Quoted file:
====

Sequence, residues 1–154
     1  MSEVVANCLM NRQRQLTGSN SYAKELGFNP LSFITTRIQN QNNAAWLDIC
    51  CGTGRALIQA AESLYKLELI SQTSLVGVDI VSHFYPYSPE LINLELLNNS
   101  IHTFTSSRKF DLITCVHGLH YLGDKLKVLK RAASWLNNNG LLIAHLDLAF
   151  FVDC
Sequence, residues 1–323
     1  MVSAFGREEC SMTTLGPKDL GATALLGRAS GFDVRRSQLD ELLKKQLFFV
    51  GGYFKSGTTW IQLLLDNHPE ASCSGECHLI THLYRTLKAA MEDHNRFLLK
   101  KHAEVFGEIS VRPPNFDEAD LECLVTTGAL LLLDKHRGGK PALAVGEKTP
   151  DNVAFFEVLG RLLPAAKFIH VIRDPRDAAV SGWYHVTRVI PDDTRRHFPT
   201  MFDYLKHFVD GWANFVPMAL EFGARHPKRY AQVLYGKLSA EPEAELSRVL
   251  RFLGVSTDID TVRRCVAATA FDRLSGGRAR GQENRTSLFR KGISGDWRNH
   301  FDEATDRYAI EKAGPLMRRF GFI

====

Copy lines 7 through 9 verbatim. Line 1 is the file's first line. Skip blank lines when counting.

     1  MVSAFGREEC SMTTLGPKDL GATALLGRAS GFDVRRSQLD ELLKKQLFFV
    51  GGYFKSGTTW IQLLLDNHPE ASCSGECHLI THLYRTLKAA MEDHNRFLLK
   101  KHAEVFGEIS VRPPNFDEAD LECLVTTGAL LLLDKHRGGK PALAVGEKTP